"EBITDA and prices are decreasing as business and macroeconomic conditions weaken. They will remain higher than in pre-pandemic years but below the record-high levels seen in early 2022," Moody's senior vice president Barbara Mattos said.
The slowing economic growth across the globe is reducing the demand for metals and mining commodities, Moody's said.
Energy and raw materials costs remain high, particularly in Europe, which will also reduce producers' margins and earnings of producers of base metals.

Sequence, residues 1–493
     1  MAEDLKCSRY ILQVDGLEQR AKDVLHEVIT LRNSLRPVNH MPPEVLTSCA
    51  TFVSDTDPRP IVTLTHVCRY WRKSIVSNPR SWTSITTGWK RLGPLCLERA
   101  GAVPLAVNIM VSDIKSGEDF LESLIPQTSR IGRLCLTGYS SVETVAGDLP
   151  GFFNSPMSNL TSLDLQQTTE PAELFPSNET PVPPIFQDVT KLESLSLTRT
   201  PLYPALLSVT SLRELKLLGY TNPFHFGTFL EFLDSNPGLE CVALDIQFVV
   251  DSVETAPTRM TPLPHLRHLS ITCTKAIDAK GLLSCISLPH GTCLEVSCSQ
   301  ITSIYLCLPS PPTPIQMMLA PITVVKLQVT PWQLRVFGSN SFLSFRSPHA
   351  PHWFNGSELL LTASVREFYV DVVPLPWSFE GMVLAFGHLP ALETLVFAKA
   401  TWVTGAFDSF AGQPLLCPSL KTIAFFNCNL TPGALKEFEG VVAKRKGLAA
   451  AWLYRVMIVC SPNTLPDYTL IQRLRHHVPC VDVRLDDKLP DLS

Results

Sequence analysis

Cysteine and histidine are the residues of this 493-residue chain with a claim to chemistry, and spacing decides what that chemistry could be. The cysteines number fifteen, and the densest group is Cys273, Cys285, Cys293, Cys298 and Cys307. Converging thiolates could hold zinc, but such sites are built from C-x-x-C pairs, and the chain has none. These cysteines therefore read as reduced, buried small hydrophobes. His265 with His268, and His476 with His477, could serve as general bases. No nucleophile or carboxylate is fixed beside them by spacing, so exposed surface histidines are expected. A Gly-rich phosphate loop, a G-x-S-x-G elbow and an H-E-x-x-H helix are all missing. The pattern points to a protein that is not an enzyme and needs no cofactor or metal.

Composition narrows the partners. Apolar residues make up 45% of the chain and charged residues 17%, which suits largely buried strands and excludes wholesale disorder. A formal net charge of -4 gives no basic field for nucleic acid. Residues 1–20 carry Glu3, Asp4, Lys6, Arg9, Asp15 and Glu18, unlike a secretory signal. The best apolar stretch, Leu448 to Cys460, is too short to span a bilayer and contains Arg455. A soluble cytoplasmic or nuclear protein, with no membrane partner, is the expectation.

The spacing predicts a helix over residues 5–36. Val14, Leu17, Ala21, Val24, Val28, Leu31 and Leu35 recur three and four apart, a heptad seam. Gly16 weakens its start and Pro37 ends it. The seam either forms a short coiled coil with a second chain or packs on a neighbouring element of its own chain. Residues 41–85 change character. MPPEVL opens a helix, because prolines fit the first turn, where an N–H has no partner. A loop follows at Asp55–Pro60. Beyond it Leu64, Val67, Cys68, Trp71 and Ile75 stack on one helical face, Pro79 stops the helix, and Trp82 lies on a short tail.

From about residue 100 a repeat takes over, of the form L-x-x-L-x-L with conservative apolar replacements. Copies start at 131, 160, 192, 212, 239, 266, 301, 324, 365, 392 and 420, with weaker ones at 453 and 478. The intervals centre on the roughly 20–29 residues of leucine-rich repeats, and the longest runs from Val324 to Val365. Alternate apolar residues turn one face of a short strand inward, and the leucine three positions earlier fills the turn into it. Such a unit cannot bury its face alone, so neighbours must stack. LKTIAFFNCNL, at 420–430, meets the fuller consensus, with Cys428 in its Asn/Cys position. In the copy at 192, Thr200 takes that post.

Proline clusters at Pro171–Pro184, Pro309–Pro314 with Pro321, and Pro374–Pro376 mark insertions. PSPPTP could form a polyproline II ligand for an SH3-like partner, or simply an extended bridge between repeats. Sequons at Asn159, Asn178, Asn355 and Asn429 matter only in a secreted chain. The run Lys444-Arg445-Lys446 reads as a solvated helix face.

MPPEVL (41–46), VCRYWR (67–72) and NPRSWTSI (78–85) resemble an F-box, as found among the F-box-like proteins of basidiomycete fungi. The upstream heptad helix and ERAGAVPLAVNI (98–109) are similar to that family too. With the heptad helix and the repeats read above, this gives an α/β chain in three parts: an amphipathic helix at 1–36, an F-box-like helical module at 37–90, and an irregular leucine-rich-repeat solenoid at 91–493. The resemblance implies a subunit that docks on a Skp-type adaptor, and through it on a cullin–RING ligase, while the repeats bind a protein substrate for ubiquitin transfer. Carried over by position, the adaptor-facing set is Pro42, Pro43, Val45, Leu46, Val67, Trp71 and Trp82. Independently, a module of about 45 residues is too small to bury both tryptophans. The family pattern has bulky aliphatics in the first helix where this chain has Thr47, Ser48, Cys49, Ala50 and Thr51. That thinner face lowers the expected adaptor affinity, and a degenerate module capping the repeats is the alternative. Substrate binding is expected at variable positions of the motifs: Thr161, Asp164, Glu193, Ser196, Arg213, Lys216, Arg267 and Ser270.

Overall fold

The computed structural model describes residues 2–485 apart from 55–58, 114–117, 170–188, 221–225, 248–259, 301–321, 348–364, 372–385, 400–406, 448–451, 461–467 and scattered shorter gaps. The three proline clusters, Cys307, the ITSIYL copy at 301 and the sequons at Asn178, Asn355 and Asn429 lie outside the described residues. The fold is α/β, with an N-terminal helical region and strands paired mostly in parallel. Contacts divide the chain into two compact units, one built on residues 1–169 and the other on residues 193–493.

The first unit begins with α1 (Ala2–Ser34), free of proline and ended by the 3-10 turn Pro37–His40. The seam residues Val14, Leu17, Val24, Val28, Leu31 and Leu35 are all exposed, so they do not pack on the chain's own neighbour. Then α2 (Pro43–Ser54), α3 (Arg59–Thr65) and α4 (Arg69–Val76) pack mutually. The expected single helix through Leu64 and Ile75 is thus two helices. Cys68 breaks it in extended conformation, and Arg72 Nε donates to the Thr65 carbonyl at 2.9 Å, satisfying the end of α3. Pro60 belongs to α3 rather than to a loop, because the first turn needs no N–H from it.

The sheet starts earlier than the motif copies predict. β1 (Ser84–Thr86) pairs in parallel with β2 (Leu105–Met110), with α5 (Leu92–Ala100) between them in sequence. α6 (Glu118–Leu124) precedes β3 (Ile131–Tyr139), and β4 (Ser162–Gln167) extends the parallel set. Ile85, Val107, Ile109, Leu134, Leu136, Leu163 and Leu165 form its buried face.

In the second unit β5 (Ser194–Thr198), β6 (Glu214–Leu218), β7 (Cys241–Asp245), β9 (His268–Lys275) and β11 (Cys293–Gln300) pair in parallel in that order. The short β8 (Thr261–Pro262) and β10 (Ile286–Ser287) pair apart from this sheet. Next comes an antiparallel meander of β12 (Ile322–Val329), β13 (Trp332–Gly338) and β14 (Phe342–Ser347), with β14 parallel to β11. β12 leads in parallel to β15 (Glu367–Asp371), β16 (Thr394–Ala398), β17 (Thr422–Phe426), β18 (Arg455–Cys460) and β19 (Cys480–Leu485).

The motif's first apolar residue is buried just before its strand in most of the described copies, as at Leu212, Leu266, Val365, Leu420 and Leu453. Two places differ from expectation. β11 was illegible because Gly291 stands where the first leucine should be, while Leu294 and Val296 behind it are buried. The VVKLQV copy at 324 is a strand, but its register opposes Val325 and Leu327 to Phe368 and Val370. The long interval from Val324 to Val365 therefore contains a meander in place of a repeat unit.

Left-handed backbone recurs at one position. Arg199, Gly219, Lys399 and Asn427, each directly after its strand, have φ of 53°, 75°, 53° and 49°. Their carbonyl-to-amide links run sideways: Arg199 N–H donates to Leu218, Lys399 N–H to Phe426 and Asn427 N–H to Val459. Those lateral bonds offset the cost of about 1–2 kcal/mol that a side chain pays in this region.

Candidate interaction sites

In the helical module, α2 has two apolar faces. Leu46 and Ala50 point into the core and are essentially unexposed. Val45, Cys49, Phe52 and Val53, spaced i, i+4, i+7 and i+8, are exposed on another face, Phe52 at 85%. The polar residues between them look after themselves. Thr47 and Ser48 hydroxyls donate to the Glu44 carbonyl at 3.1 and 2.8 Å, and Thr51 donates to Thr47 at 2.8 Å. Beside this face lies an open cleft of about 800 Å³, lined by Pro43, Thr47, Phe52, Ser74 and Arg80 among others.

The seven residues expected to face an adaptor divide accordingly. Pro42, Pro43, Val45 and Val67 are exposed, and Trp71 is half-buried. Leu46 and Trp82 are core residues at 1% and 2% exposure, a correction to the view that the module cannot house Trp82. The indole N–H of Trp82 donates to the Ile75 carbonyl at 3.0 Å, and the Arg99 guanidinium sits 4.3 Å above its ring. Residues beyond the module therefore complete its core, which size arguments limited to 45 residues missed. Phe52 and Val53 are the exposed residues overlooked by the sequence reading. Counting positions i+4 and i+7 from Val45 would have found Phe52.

Copper miners face earnings before interest, taxes, depreciation, and amortization (EBITDA) declines due to lower production volumes, lower prices and higher input costs.
For precious metals, Moody's noted that gold and silver prices are both declining due to higher interest rates and a stronger US dollar.
"Unlike other metals, market sentiment rather than fundamentals such as supply and demand, influences pricing in this industry creating a drop in producers' revenues," it said.
Global miners are tackling a mix of lower metals prices, mine input inflation, supply chain disruptions and rising capital costs.
Copper prices on September 23 fell to their lowest level in almost two months because of a strong dollar and concerns that metals demand will be hit by a sharp downturn in the global economy.